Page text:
You Talkin’ to Me, Punk?

Digressions of J. Charles

You Talking to Me, Punk!

© July 27, 2009

J. Charles Cheek

A recent horoscope for me read, “If you’re not getting what you want today, whether it is ice cream flavors or respect, don’t put up with it. Your cheeky assertiveness will be attractive and compelling today, so don’t be afraid to get tough in negotiations.” It reminded me of my last fist fight.

The fight occurred on my birthday in a back alley of downtown Yakima, Washington. I was between my Sophomore and Junior year in high school. A school buddy and I were “cruising the gut” when a punk on the sidewalk called to us as we drove by. My buddy stopped his car and I yelled out, “What did you say?” He said, “You look like a f…ing monkey!” I replied, “Meet me in the alley and we’ll see who the monkey is?”

We drove around to the alley and waited for the punk to arrive. He came swaggering in with three or four smaller punks following him. He took off his jacket and handed it to one of his assistant punks. He turned toward me with one of those combination smug and confident looks. He took the typical boxer stance, crouched with closed fists in the defensive position, then started sniffing through his nose as he shuffled his feet. He came sniffing and dancing toward me. As he jabbed the air with is left hand I quickly stepped forward and launched a left handed haymaker that caught him flush in the mouth and knocked him to the pavement. As he shook his head, wiped his bloody lip and slowly got to his feet one of his little punk admirers said. “Guess you don’t know Al is a Golden Glove Champion. You’re in trouble now.”

Figuring I had got in a lucky punch I decided to wrestle rather than box. I grabbed him by the neck and threw him to the pavement. He hung on to me and I went down too. We rolled around on the pavement alternating with him on top then me on top until we were both completely exhausted. He gasped, “Let’s call it a draw.” I I nodded in agreement. We let go of each other, struggled to our feet, shook hands and went our separate ways, perhaps to meet again sometime in another alley. The clothes I was wearing for the firs time were a birthday present from my folks. My new dress slacks and dress shirt were a dirty, bloody, and tattered mess.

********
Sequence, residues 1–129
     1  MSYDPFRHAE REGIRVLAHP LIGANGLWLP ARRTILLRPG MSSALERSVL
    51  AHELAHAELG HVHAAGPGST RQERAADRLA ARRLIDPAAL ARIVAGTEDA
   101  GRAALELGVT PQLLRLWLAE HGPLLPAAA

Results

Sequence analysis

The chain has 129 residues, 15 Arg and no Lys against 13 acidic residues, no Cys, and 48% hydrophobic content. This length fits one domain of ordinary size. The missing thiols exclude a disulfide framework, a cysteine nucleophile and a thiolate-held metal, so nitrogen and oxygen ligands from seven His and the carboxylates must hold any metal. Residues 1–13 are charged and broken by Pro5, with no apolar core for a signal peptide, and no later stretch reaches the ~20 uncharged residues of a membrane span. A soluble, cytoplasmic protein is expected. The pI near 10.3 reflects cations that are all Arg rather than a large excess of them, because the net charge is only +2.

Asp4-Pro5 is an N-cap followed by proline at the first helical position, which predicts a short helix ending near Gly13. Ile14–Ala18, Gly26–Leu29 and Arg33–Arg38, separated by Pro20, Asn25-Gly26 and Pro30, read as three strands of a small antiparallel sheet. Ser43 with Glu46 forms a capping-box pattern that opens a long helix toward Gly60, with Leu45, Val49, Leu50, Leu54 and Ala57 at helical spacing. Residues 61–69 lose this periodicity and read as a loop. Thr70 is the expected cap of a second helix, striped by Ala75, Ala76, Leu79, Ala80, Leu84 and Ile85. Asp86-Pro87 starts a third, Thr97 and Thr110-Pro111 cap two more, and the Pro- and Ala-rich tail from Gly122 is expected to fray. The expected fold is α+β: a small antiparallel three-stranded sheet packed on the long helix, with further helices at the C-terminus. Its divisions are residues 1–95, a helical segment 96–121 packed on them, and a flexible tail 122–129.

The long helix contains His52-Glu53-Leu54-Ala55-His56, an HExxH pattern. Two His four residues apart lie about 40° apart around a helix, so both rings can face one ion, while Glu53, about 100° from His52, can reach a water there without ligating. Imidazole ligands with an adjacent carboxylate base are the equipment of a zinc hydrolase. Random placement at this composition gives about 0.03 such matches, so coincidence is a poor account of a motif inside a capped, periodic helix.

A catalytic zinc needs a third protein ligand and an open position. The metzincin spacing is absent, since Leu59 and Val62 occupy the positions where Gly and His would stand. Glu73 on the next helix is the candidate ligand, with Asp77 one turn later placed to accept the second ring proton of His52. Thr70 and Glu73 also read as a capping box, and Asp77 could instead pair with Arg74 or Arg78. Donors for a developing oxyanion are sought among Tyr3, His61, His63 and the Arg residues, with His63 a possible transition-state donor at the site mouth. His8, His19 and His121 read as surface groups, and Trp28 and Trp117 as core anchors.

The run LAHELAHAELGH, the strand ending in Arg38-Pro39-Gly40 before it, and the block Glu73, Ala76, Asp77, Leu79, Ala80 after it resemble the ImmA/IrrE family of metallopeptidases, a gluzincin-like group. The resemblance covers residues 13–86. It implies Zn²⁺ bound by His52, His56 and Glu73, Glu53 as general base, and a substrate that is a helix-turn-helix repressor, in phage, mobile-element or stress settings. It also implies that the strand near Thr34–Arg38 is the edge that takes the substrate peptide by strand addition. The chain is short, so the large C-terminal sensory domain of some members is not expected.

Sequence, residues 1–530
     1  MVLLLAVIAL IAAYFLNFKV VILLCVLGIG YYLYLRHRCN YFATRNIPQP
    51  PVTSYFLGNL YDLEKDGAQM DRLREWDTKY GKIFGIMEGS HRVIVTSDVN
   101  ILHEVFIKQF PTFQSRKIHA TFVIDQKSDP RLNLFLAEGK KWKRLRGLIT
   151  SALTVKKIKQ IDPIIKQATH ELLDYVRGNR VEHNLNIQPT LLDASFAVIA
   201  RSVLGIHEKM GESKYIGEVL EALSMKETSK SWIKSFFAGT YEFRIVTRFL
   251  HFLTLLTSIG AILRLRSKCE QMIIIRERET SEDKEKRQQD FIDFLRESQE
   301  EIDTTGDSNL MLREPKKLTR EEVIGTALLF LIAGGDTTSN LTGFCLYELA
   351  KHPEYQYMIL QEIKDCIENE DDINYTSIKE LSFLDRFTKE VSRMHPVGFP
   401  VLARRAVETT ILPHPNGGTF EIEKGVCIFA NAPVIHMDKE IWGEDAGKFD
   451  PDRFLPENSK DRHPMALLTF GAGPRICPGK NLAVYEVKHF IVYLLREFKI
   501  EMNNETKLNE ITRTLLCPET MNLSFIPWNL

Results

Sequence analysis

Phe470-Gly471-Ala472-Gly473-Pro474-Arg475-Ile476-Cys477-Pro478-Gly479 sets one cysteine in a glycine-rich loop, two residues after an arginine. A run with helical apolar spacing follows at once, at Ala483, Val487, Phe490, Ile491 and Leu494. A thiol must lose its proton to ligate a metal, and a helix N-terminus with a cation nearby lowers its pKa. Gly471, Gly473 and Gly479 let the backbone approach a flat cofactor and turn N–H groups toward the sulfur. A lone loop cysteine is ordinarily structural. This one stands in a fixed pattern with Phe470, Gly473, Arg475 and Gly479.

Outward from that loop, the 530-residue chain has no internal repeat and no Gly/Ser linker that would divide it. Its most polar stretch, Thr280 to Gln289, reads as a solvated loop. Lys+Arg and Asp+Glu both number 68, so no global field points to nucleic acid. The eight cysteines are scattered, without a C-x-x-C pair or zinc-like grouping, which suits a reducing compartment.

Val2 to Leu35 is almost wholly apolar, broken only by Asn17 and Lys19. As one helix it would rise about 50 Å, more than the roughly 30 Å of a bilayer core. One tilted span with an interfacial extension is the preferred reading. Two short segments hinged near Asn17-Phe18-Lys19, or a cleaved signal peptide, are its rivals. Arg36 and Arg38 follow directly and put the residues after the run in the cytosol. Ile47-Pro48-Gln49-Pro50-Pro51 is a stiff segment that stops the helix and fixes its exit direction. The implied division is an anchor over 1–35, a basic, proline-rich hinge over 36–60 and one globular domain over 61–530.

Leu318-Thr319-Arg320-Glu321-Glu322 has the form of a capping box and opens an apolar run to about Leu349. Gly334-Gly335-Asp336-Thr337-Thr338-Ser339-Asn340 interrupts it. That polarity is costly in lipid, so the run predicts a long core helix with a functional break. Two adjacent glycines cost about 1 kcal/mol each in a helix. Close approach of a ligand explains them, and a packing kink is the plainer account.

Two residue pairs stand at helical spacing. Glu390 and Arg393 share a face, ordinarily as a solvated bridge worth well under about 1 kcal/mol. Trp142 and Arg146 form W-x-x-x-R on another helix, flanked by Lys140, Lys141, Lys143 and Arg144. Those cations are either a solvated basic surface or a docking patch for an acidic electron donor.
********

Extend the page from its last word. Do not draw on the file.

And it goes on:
I remember a much bigger fight that I was involved in four years later. On July 27, 1953, I was in a bunker on the fighting line when the Korean War armistice became effective. Today as I write this piece it is the 56th anniversary of the armistice. That war was sometimes referred to as a ‘police action’ by the United Nations. It was also referred to as the ‘Korean Conflict.’ Many call it the ‘Forgotten War.’ In reality that war was a “draw.” A draw! After 22 countries of United Nations had 95,000 deaths and 555,000 wounded – a draw. The U.S. alone had almost 54,246 deaths and nearly 103,284 wounded. The Chinese had some 900,000 casualties and North Korean around 600,000. For what? A draw? North Korea still defiantly stands erect in a fighting position. Have you seen the photos of the North Korean soldiers guarding their side of the armistice site at Panmunjom? Poker faced, standing rigid, fists clenched as they project the image of being ready to fight. Perhaps the image they are portraying is appropriate because, technically, the Korean War is just in a lull. Hopefully, in a permanent lull but nevertheless it is a temporary cessation of fighting – an armistice. Will North Korea launch the first jab? Will the U.S. respond, “You talking to us, punk!”

After Korea came the Vietnam War. The U.S. lost that one. Yes, lost. Lost! After seven years of fighting the U.S. count was 58,209 killed, 303,635 plus 1,948 missing in action. Finally, the U.S. simply withdrew and allowed the North Vietnamese to take over the entire country.

Now there is Iraq. Is it another draw? Or is it a loss? We’re pulling our troops out of Iraq and sending many of them to Afghanistan to fight the Taliban. The U.S. invaded Afghanistan to hunt down the radical group, Al-Qaeda, who brought down the twin towers in New York City. The Taliban ruled the country and were allowing Al-Qaeda to train there. Now we’re fighting the Taliban and Al-Qaeda. How will it end? Draw? Loss? Win?

My father was very upset that I had ruined my new birthday clothes in a street fight and chewed me out. He was not impressed with my explanation of ‘defending my honor.’ My stepmother closed the discussion with a final comment, “Why don’t you young folks just find a way to get along.” Indeed, why don’t we?

E – N – D

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